The software development went well. It currently is running a monitor/debugger of my own design. It does the basic file load, memory read & write, breakpoint and trace functions. It also has a RAM/Flash remap command so Flash is mapped to high memory while RAM mapped to $0. With that I'm able to load a modified Tutor v1.3 and see it running. So I guess I'm done with the board. I'll pour epoxy over the surface mount parts to keep them from shorting.
Below is a screen shot of Tiny302 booting up; a help menu of the monitor/debugger; remap command ('sw') to swap RAM and Flash; load the modified Tutor; and Tutor help output.
A quick hand sketched schematic show there are only about 60 address + data + control connections, 25 power/ground, and about 15 hardware configuration connections. The address/data/control connections can be reduced to 30 if the RAM and flash are stacked together, piggy-back fashion, since so many RAM and flash signals have the same pin assignment and share the same connections.
I have 128K RAM and flash in DIP package, but I don't have 68302 in PGA. You can buy them off eBay for under $20, but I thought I'll try with a quad flat pack 68302 that I removed from a 68302-based SPX-MPU board. (I removed all components so I can reverse engineer the pc board connections). The lead spacing of the QFP is 25 mil, so I have to work under a microscope and it will take more than an evening to wire 60 or so connections to the QFP.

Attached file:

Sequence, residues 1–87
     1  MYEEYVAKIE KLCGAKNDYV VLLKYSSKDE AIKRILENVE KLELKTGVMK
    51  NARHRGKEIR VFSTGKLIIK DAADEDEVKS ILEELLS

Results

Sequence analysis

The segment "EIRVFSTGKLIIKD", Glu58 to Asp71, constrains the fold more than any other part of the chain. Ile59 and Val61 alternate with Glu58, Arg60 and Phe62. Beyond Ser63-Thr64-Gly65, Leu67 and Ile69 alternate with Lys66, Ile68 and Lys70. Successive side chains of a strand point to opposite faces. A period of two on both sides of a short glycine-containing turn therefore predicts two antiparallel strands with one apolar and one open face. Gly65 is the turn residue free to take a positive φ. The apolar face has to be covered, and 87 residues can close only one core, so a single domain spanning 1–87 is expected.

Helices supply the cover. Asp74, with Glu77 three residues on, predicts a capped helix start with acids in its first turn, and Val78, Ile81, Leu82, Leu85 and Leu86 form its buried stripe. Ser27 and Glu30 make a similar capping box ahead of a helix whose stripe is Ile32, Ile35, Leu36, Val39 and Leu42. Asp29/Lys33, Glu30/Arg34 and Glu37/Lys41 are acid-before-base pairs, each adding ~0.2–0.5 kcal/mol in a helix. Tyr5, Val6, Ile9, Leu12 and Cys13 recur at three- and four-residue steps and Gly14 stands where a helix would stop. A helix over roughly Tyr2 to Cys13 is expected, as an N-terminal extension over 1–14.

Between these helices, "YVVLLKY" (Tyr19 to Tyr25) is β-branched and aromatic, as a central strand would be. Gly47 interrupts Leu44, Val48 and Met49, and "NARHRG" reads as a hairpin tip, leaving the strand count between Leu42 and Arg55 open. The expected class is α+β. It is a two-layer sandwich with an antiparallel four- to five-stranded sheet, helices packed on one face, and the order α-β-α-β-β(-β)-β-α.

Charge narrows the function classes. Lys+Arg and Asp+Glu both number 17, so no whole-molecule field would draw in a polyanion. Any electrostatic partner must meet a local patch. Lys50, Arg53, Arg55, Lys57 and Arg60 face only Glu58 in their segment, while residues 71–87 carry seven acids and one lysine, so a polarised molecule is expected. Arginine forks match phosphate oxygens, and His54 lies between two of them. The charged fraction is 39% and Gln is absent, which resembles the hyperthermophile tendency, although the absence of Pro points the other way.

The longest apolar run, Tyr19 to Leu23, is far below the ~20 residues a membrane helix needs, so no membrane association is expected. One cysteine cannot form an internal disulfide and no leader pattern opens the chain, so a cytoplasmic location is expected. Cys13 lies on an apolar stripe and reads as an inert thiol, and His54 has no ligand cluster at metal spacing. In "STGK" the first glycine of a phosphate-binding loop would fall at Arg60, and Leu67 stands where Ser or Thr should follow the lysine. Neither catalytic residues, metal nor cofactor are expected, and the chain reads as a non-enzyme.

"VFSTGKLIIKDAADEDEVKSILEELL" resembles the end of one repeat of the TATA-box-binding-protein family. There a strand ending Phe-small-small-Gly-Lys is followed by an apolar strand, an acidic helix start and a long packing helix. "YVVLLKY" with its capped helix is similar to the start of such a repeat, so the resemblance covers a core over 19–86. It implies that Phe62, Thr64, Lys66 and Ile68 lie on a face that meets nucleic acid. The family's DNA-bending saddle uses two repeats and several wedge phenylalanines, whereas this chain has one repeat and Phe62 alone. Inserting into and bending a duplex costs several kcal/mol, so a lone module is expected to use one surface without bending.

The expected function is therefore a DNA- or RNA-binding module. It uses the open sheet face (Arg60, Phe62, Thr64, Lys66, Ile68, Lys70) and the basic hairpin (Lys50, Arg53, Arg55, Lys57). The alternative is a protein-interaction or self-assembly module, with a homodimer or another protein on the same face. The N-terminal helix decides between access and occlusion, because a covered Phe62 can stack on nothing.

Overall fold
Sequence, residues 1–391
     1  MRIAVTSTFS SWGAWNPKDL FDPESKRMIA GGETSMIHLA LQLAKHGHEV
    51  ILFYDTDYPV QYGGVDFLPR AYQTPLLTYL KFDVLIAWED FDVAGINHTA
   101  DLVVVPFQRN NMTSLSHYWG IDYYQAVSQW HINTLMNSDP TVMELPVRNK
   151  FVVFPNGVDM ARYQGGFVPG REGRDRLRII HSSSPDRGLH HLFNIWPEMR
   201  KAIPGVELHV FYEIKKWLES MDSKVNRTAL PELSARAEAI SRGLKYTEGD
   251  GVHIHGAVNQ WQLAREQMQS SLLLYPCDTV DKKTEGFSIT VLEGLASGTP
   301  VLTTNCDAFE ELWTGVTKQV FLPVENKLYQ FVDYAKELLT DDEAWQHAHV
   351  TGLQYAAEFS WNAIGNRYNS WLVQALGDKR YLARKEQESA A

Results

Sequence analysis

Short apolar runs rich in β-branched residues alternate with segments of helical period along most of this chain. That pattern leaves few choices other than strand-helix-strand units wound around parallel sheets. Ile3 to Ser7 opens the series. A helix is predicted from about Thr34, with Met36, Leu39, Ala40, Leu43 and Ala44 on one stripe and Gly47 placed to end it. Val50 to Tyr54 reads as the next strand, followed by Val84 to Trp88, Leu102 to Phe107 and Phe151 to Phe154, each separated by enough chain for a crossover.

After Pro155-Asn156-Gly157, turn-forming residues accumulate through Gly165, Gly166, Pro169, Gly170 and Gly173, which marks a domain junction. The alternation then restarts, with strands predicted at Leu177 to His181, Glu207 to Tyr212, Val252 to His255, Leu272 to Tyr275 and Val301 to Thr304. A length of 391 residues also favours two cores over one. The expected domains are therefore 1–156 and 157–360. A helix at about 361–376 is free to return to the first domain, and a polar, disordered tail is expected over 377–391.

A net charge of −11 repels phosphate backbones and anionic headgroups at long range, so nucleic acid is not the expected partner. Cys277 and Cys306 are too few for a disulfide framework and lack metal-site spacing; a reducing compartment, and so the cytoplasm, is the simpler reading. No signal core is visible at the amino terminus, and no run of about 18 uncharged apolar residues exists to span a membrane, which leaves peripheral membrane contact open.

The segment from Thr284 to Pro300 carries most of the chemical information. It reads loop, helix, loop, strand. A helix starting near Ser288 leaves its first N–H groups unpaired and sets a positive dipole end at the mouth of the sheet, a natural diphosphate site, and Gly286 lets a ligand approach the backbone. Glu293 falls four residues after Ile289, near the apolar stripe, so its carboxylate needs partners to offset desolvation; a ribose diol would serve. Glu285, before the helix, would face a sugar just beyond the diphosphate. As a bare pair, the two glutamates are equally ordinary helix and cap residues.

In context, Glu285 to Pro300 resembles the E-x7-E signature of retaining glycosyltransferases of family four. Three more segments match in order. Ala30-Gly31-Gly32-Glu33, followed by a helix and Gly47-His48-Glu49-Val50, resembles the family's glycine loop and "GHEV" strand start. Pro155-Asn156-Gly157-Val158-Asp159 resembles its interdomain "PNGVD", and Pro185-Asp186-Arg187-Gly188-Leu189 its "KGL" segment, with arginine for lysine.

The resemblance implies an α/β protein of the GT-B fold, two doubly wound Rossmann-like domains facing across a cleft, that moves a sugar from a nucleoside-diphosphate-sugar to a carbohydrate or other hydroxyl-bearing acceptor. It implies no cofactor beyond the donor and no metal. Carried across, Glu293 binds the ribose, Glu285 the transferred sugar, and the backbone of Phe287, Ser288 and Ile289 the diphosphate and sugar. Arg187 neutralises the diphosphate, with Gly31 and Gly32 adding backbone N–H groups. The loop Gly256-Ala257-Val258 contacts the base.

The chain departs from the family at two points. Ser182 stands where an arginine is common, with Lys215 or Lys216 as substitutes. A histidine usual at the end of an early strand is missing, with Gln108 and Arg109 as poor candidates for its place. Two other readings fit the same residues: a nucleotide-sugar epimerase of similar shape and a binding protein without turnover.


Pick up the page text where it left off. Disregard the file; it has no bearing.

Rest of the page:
I want to have a solid digital ground, so all components are mounted on a single-sided 2"x5" copper board, copper foil up. Most of the copper foil is digital ground except areas carved out for other signals such as pads for the piggy-back RAM and flash. The piggy-back RAM/flash is soldered to the board because I need solid mechanical support to insert and remove the flash multiple times.
The QFP 68302 is glued to the board, dead-bug fashion. Ground leads are bent down toward the copper foil for short ground connections and Vcc leads bent toward the center where a 5V ring will be constructed. A third of way into wiring, after ground/power were connected and all hardware configuration finished, I connected the 16MHz oscillator and power up the CPU with oscillator. I can see chip select 0 puts out 8 successive pulses to fetch reset vector and system stack and repeat every 1 millisecond. That means the CPU is probably OK, even though I'd treated it rather badly when removing with a heat gun. Soldering 60 or so connection to the QFP 68302 was challenging and it did take more than an evening. I know I can do it 10 years ago and I'm glad I still can do it. Nevertheless I'll stick with the PGA package on the next iteration!
This is the finished board. It can fetch reset vector and execute an endless loop of NOP so flash is working. I'll need to test the RAM next and then bring up a simple bootloader.